fb pixel

Log In


Reset Password

Bison in the trees

6
View all photos
Lori and Joe Moore raise bison near Butte Falls for their Shady Cove store
Bison roam the property at the Oasis Bison Ranch near Butte Falls. [Jamie Lusch / Mail Tribune]
“We try to go nose-to-tail and use every part of the animal we possibly can,” says Bison Junction owner Lori Moore. [Jamie Lusch / Mail Tribune]
Bison brisket [Courtesy photo]
Ground bison [Courtesy photo]
Bison rump roast [Courtesy photo]
The Moore family, standing from left, Tayci Moore, Braden Moore, Kayti Moore, and sitting, Joe and Lori Moore. [Courtesy photo]

Offering up quality cuts of the same protein that sus-tained early settlers, Bison Junction in Shady Cove garnered an imme-diate following when the store opened its doors in July 2020.

Taking a leap of faith, owners Lori and Joe Moore opened their retail shop just as pandemic restrictions were being put into place and mere weeks before a summer of devastating wildfires would force loss of business by way of evacuations and thick lingering smoke.

With firefighters even staging from the couple’s Wild Oasis Bison Ranch in Eagle Point, it was community support and an eager customer base for bison meat that sustained them for their first two years in business.

Previously in the corporate world of financial services, Lori Moore said the couple were ready for a change of pace when they made their way west and decided to raise bison. Growing up in Colorado, Moore said bison ranches were fairly common around her home state.

“We had actually quite a few bison ranches where I grew up, but very few on the road where you could see the animals,” she said.

“There was just one that, when I would drive to Denver, you could always see them, always hanging out near a pond. One time, when my husband and I were driving from Durango to Denver about 9 years ago, I said, ‘We should start a bison ranch.’ And he goes, ‘Yeah, right. You know those things can kill you, right?’” Moore recalled with a laugh.

“A while after that, I found a sign somewhere that said, ‘What doesn’t kill you makes you stronger. Except for bison. Bison will kill you.’ I was kind of joking at the time but then eventually we did some research and visited a few bison ranches. And it all kind of just morphed.”

Starting their own ranch hap-pened in conjunction with moving from Colorado and finding property in Southern Oregon that was suit-able for the task of containing the up to one-ton-sized animals.

“My husband worked here already, and we found some property and spent eight months building a gnarly fence up top on our property,” Moore said. “It just, somehow, suddenly all came together.”

Moore said locals already familiar with bison meat simply want places to buy it, while newcomers to “American’s original red meat” are eager to get their first taste.

With a richer, slightly gamier flavor than beef, bison is lower in saturated fat than beef and chock full of nutrients. Bison Ranch animals are never grain fed and live out their days grazing in the foothills near Eagle Point.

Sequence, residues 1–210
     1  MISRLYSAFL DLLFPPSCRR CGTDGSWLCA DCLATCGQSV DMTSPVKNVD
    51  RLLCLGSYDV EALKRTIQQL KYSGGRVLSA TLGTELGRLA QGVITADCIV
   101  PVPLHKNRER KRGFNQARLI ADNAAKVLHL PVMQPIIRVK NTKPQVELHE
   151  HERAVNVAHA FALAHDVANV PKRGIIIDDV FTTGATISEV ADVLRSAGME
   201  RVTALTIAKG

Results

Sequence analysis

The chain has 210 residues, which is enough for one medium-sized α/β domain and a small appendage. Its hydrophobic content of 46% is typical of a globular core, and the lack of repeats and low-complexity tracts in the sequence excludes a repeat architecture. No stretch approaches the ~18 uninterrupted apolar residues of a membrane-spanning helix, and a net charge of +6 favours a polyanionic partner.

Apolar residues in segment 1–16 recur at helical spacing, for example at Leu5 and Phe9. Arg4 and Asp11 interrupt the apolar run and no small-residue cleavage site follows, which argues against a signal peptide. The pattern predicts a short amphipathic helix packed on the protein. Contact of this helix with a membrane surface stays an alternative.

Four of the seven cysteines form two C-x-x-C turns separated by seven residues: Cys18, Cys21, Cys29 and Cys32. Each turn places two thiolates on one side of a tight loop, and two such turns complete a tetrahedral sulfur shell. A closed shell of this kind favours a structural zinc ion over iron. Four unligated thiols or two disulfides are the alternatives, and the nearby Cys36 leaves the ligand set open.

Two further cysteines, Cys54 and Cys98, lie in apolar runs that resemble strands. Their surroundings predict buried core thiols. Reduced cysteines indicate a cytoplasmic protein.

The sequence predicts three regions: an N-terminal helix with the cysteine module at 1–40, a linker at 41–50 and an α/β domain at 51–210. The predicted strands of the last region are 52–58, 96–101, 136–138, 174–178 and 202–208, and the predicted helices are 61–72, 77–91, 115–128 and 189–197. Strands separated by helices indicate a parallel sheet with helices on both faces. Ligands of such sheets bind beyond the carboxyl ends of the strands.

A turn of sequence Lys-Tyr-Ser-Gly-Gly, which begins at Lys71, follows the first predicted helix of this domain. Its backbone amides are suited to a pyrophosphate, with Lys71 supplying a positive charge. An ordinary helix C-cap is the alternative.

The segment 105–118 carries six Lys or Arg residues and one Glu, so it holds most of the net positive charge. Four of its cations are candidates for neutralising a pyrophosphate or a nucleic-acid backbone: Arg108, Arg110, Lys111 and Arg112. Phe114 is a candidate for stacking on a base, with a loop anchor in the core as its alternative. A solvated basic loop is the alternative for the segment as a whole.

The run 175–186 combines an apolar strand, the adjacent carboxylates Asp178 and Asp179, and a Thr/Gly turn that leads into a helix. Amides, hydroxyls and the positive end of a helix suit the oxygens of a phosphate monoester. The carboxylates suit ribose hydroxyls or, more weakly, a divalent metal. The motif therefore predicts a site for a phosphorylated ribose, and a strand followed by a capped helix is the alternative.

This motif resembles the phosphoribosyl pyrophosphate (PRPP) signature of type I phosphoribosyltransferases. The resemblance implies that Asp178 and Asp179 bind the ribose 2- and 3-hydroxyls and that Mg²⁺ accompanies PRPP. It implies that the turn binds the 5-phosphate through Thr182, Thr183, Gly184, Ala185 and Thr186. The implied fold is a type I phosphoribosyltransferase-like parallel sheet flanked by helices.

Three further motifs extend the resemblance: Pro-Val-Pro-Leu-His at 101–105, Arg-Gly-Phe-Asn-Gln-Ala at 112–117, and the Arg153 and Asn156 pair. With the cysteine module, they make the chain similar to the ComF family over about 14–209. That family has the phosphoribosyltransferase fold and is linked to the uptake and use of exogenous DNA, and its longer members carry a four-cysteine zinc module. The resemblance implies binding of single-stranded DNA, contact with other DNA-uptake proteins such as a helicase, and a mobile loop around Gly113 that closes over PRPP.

“It’s the amount of protein you get in bison meat, without the saturated fat of cow’s meat, that makes it so good for you,” notes Moore.

As nutrient-dense as red meat, bison is similar to white meat in terms of calorie and fat content.

“I’ll ask people if they’ve ever had it, and more often than not they haven’t. That’s the main reason we started selling sliders during the spring and summer, to get people introduced to it. We keep things really simple, so they can taste the bison flavor. I’m really not trying to be in the restaurant business, just trying to give people a chance to try it.”

Moore said the family’s ranch would continue to focus on a quality, sustainable product as well as minimal product waste and a fun variety of bison-themed items for their Shady Cove store.

“We try to go nose-to-tail and use every part of the animal we possibly can. We have customers who use bones for stock, and you can even grill the marrow bones. We make pet food, too,” added Moore.

“We send the hides to Montana to get tanned.”

Long term, Moore said, the ranch could have a presence at regional farmers’ markets or offer tours. The site of the woolly giants grazing on green hillsides, Moore admits, is a pretty cool sight to behold.“

After they come down to eat, they just go up into the hills, and you can’t even really see them. It’s like gorillas in the mist, but ‘bison in the trees.’ They all kind of move up, slowly, one by one, and disappear into the trees,” she said.

“They’re really an amazing animal.”

Bison Junction is located at 20300 Crater Lake Highway in Shady Cove.

For details, call 541-841-8842, or learn more online at facebook.com/bisonjunction, bisonjunction.com and wildoasisbisonranch.com.

Reach freelance writer Buffy Pollock at buffyp76@yahoo.com.